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Neurology and neuropsychiatry of COVID-19: A systematic review and meta-analysis of the early literature reveals frequent CNS manifestations and key emerging narratives

Research output: Contribution to journalReview articlepeer-review

Jonathan P. Rogers, Cameron J. Watson, James Badenoch, Benjamin Cross, Matthew Butler, Jia Song, Danish Hafeez, Hamilton Morrin, Emma Rachel Rengasamy, Lucretia Thomas, Silviya Ralovska, Abigail Smakowski, Ritika Dilip Sundaram, Camille Kaitlyn Hunt, Mao Fong Lim, Daruj Aniwattanapong, Vanshika Singh, Zain Hussain, Stuti Chakraborty, Ella Burchill & 10 more Katrin Jansen, Heinz Holling, Dean Walton, Thomas A. Pollak, Mark Ellul, Ivan Koychev, Tom Solomon, Benedict Daniel Michael, Timothy R. Nicholson, Alasdair G. Rooney

Original languageEnglish
Article number326405
Pages (from-to)932-941
Number of pages10
JournalJournal of Neurology, Neurosurgery and Psychiatry
Volume92
Issue number9
DOIs
Accepted/In press2021
Published1 Sep 2021

Bibliographical note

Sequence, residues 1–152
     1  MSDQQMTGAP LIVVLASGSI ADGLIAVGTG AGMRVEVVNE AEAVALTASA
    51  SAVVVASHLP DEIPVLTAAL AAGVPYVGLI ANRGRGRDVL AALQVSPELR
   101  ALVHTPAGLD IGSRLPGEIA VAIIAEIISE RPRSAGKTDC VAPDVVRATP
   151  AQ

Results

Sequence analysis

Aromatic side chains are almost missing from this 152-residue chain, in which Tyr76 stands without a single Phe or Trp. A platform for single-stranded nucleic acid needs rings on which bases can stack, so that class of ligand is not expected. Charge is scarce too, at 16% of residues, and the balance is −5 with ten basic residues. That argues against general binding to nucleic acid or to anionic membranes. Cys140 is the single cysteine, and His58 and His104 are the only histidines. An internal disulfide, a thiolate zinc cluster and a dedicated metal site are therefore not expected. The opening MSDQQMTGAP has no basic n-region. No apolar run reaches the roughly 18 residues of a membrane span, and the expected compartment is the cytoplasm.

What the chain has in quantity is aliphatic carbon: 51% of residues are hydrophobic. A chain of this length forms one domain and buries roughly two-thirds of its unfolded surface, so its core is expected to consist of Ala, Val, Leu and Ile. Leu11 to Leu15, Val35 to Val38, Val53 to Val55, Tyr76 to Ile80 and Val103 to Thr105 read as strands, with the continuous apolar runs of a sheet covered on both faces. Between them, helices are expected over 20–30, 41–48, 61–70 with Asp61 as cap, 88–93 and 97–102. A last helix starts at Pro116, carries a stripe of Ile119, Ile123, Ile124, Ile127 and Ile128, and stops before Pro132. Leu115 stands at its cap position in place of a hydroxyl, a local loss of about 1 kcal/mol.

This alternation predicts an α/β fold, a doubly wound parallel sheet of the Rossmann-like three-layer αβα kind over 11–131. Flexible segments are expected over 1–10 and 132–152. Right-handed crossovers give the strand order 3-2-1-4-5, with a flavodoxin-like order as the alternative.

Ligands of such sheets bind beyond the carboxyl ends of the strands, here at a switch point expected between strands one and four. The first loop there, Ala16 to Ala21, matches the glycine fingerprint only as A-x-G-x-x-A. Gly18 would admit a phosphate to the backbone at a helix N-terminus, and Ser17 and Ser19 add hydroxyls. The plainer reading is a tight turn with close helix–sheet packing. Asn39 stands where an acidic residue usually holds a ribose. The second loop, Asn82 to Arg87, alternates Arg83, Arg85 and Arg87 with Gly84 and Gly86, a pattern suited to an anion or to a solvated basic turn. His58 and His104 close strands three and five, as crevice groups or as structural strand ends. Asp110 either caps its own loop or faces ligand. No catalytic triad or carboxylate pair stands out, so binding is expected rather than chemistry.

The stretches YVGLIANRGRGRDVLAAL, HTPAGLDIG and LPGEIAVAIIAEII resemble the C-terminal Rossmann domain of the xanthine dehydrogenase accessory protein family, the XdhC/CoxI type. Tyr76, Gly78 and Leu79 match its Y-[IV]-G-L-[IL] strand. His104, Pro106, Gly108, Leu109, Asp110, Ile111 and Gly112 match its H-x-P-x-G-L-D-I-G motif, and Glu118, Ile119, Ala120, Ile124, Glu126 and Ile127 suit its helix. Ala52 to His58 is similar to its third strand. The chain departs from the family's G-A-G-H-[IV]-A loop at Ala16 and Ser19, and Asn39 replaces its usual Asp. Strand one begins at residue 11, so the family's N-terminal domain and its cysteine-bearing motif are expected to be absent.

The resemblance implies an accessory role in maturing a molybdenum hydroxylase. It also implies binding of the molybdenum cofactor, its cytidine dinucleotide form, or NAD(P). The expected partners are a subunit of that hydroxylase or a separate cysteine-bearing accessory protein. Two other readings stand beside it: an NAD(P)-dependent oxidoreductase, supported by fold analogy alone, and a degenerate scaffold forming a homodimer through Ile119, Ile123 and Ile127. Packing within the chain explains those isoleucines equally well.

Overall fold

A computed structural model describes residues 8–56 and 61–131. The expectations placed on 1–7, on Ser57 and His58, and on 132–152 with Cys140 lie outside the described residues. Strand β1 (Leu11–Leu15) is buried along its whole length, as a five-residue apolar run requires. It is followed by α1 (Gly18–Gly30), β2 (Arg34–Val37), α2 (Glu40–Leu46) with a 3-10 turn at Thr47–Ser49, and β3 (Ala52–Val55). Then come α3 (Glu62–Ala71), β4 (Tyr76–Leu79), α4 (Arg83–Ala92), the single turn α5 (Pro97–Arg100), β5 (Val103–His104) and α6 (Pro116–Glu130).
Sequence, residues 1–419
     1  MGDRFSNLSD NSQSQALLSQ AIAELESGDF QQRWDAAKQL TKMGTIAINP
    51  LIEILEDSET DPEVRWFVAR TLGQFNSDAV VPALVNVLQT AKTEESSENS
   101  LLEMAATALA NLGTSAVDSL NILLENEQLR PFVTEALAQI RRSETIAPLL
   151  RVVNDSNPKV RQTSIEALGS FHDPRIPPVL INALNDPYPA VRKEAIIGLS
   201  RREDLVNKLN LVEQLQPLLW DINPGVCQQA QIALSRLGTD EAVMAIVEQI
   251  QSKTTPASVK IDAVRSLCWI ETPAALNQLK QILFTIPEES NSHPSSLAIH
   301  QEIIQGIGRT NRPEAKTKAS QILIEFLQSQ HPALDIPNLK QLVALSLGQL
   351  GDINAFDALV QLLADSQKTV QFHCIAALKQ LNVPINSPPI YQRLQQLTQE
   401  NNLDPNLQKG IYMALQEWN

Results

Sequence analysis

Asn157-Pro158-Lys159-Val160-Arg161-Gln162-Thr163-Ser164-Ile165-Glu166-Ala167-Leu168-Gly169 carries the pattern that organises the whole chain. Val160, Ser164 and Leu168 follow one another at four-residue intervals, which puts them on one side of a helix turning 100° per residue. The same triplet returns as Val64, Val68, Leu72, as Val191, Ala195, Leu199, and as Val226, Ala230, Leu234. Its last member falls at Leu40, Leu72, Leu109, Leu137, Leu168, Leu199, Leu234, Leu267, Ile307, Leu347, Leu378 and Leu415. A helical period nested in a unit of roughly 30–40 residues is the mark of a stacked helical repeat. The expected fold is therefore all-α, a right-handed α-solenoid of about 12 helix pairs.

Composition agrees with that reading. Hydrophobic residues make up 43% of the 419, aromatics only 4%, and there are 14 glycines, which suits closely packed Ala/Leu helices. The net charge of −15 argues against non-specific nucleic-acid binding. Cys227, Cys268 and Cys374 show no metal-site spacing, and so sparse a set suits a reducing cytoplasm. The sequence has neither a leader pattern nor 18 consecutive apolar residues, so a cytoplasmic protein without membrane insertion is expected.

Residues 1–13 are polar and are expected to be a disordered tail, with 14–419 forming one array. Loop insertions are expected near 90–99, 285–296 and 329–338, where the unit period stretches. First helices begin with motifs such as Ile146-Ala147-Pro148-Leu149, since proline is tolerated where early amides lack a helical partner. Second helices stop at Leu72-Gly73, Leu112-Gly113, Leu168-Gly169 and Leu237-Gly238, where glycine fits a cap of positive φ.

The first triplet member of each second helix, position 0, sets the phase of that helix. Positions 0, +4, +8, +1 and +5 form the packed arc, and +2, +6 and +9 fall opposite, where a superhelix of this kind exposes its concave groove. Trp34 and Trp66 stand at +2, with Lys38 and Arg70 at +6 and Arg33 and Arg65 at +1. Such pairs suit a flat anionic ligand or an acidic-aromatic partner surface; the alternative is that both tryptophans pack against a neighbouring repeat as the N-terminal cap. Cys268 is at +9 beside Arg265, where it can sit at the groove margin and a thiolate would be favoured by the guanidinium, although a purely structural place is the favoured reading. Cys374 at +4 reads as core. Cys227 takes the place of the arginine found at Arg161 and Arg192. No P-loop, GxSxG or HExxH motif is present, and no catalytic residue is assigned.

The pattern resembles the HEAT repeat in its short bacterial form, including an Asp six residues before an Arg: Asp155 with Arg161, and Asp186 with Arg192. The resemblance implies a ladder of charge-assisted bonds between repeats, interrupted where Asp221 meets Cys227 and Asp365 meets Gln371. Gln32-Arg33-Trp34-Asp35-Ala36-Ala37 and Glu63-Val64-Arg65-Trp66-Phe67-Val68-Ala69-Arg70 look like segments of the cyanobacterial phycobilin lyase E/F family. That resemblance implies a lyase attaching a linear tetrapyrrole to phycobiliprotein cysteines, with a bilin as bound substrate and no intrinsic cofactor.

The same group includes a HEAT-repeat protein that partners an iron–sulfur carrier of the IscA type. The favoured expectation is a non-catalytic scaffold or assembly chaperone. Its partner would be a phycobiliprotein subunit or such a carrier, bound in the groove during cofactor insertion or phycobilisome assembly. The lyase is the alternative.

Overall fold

Funding Information: Contributors TRN and AR conceived the study. AR and JPR led and coordinated the study. MB compared the work with other systematic reviews. CW, BC, MB, JS, DH, ERR, LT, AR, MFL and JB screened studies for eligibility. AR, JPR, JS and MB consulted on study inclusion. CW, BC, DH, HM, ERR, LT, SR, RDS and JB extracted the data. JB, MB, JS, DH, HM, ERR, LT, SR, AS, RDS, CKH, MFL, DA, AR and BC checked data extraction. AR conducted OCEBM ratings. JPR calculated descriptive statistics. CW and KJ conducted the meta-analysis, supported by HH. CW and DH created figures. JPR, BC, MB, JS, DH, HM, LT, SR, AS, RDS, CKH, MFL, VS, ZH, SC, EB, DW, TAP, ME, IK, TRN, AR and JB conducted quality assessment. JPR and AS supervised and arbitrated quality assessment. JB made the PRISMA flow chart. JPR, MB and JB sorted references. JB checked adherence to PRISMA guidelines. AR, JPR, JB, ERR, VS and MB drafted the manuscript. JPR, MB, JS and JB checked the completed manuscript. ERR and ZH created tables. MFL sorted funding statements. JPR and EB formatted the manuscript. DW, ME, IK, TS, BDM, TRN, AR and TAP provided senior review of the manuscript. JPR and AR are responsible for the overall content of the study. Funding Information: Funding JPR is supported by a Wellcome Trust Clinical Training Fellowship (102186/B/13/Z). MB is a National Institute of Health Research (NIHR) Academic Clinical Fellow (ACF-2019-17-008). HH is supported by the Deutsche Forschungsgemeinschaft (German Research Foundation) (HO1286/16-1). TAP is supported by an NIHR Clinical Lectureship (no award/grant number). ME is supported by the Association of British Neurologists through a Clinical Research Training Fellowship (no award/grant number). ME and TS are supported by the NIHR Health Protection Research Unit in Emerging and Zoonotic Infections at University of Liverpool in partnership with Public Health England, in collaboration with Liverpool School of Tropical Medicine and the University of Oxford (NIHR200907). IK is supported by the Medical Research Council (Dementias Platform UK Grant MR/L023784/2) and the Oxford Health Biomedical Research Centre (no award/ grant number). DA is supported by the Faculty of Medicine, Chulalongkorn University, Thailand (no award/grant number). AR is supported by the Royal College of Physicians of Edinburgh, John, Margaret, Alfred and Stewart Sim Fellowship 2018–2020 (no award/grant number). BDM is supported by the UKRI/MRC COVID-CNS grant (MR/V03605X/1), the MRC-CSF (MR/V007181/1), and the MRC/AMED grant (MR/T028750/1). Funding Information: JPR is supported by a Wellcome Trust Clinical Training Fellowship (102186/B/13/Z). MB is a National Institute of Health Research (NIHR) Academic Clinical Fellow (ACF-2019-17-008). HH is supported by the Deutsche Forschungsgemeinschaft (German Research Foundation) (HO1286/16-1). TAP is supported by an NIHR Clinical Lectureship (no award/grant number). ME is supported by the Association of British Neurologists through a Clinical Research Training Fellowship (no award/grant number). ME and TS are supported by the NIHR Health Protection Research Unit in Emerging and Zoonotic Infections at University of Liverpool in partnership with Public Health England, in collaboration with Liverpool School of Tropical Medicine and the University of Oxford (NIHR200907). IK is supported by the Medical Research Council (Dementias Platform UK Grant MR/L023784/2) and the Oxford Health Biomedical Research Centre (no award/grant number). DA is supported by the Faculty of Medicine, Chulalongkorn University, Thailand (no award/grant number). AR is supported by the Royal College of Physicians of Edinburgh, John, Margaret, Alfred and Stewart Sim Fellowship 2018?2020 (no award/grant number). BDM is supported by the UKRI/MRC COVID-CNS grant (MR/V03605X/1), the MRC-CSF (MR/V007181/1), and the MRC/AMED grant (MR/T028750/1). Publisher Copyright: © Author(s) (or their employer(s)) 2021. No commercial re-use. See rights and permissions. Published by BMJ. Copyright: Copyright 2021 Elsevier B.V., All rights reserved.